U.S. Senator Lamar Alexander, R-Tenn., today told a gathering at the Council of Higher Education Accreditation’s annual meeting that a communication gap exists between congressional lawmakers and the higher education community that threatens the economic security of the nation.
“It is up to the higher education community to eliminate this gap,” Alexander said before more than 300 people gathered at the conference here in the nation’s capital. “We’re talking about whether our system of higher education will continue to be our secret weapon providing the brainpower edge that prevents our jobs from going to India and China and other countries in the world so we can keep our high standard of living and keep America strong.”
Alexander – a former U.S. Secretary of Education and a member of the Senate Health, Education, Labor, and Pensions Committee – said education officials must stress to lawmakers that excellence in higher education primarily comes from institutional autonomy.
“Congress simply doesn’t understand the importance of autonomy, excellence and choice, and the higher education community hasn’t bothered to explain it in plain English to members who need to hear it and understand it,” Alexander said. “The genius of our system is it is a marketplace of 6,000 autonomous institutions.”
He urged education officials to overcome this disconnect between Washington and the higher education system by explaining their own accountability efforts to lawmakers before those lawmakers overburden the system with their own rules and regulations. Alexander said this could best be done by education officials in each lawmakers’ home district.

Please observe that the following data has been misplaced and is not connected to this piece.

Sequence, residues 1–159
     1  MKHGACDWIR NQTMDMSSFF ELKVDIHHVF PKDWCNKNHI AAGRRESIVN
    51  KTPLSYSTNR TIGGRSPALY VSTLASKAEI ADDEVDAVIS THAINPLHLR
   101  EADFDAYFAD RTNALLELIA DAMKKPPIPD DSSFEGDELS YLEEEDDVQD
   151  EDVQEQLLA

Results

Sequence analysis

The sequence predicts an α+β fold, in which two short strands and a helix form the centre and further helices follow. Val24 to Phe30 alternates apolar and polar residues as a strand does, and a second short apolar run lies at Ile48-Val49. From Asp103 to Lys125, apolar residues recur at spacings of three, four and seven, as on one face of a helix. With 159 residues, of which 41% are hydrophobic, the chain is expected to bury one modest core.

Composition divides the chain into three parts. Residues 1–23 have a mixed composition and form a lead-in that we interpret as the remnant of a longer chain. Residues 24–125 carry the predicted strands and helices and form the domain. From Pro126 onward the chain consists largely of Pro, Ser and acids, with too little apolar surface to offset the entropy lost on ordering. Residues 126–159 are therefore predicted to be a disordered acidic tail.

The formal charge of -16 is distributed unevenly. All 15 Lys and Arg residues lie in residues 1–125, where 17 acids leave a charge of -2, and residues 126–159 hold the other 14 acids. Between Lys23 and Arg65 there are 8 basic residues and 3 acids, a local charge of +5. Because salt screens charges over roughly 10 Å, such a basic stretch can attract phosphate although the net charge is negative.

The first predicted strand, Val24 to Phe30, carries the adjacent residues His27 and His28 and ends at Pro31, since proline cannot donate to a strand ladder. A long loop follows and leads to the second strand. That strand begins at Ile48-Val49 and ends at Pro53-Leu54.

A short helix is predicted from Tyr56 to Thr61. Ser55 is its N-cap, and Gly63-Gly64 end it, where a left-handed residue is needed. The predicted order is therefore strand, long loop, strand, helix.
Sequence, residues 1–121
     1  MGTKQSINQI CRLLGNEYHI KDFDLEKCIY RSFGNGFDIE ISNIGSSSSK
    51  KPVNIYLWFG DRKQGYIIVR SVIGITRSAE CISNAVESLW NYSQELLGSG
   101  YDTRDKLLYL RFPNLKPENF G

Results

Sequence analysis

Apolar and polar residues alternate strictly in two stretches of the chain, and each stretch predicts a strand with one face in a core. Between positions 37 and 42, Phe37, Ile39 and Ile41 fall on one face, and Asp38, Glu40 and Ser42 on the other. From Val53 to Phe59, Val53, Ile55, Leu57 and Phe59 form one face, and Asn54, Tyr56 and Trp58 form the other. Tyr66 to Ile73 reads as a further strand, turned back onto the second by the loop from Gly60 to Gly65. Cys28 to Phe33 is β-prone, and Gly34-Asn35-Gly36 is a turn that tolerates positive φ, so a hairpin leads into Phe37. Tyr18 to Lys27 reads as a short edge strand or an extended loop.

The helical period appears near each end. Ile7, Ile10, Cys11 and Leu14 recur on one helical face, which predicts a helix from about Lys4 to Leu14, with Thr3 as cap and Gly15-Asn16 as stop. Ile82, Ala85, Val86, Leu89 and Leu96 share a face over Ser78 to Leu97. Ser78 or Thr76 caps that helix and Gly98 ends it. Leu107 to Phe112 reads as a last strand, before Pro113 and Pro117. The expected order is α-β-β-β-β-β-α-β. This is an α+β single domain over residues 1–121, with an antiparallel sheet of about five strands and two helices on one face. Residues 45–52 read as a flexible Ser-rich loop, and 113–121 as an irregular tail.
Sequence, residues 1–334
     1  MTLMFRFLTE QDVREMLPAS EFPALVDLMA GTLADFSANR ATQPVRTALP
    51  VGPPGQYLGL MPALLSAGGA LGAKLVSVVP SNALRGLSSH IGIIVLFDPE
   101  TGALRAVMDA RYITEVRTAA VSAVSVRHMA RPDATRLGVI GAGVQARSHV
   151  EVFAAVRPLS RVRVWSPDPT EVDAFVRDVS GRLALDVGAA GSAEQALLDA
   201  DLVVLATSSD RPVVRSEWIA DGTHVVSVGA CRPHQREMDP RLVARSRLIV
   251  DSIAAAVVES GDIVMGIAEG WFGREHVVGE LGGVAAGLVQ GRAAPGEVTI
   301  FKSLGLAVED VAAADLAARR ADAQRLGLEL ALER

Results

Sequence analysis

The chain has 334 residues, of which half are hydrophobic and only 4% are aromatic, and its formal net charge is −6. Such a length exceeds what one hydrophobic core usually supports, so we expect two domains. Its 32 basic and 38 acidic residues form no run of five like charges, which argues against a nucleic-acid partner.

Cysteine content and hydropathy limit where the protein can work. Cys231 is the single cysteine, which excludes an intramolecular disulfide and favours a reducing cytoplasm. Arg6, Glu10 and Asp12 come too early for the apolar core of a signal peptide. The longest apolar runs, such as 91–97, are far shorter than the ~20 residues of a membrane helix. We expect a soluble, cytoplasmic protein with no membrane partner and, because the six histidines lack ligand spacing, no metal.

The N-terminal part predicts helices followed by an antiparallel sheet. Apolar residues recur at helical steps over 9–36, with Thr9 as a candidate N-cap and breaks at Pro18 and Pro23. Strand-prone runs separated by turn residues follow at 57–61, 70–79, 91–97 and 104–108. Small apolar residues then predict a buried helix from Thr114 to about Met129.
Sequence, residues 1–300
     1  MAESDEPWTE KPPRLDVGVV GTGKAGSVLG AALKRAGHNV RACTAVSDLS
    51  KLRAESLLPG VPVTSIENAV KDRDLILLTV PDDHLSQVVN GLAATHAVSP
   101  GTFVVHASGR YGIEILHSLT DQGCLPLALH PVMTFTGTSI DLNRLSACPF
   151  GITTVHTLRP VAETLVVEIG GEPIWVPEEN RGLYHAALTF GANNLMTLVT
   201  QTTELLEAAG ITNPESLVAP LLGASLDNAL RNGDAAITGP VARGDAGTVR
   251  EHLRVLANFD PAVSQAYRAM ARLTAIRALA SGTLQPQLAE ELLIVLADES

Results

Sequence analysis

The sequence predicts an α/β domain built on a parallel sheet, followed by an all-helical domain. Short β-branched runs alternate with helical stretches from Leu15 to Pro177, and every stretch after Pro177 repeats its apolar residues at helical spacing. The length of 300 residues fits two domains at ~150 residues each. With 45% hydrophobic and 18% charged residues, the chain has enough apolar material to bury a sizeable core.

In addition to stressing the importance of autonomy, Alexander said education officials should:
Inform lawmakers how state funding for higher education is not keeping pace with the costs of higher education
Detail steps institutions are taking to ensure that money is being spent wisely
Alexander also praised higher education organizations for joining together to respond to the question of accountability through the document “New Leadership for Student Learning and Accountability.”
The document is a statement of key principles and commitment to action that calls on each college and university to develop ambitious, specific and clearly stated goals for student learning.
“These principles are an important step in improving the public dialogue about accountability in higher education, and I’m pleased that the higher education community is responding to the challenge,” Alexander said.
Alexander has long warned of overregulation of higher education. In 2005, he introduced the Higher Education Simplification and Deregulation Act. Last year, Alexander supported Senate approval of the Higher Education Amendments of 2007, which would reauthorize the Higher Education Act, but noted lingering concerns about overregulation.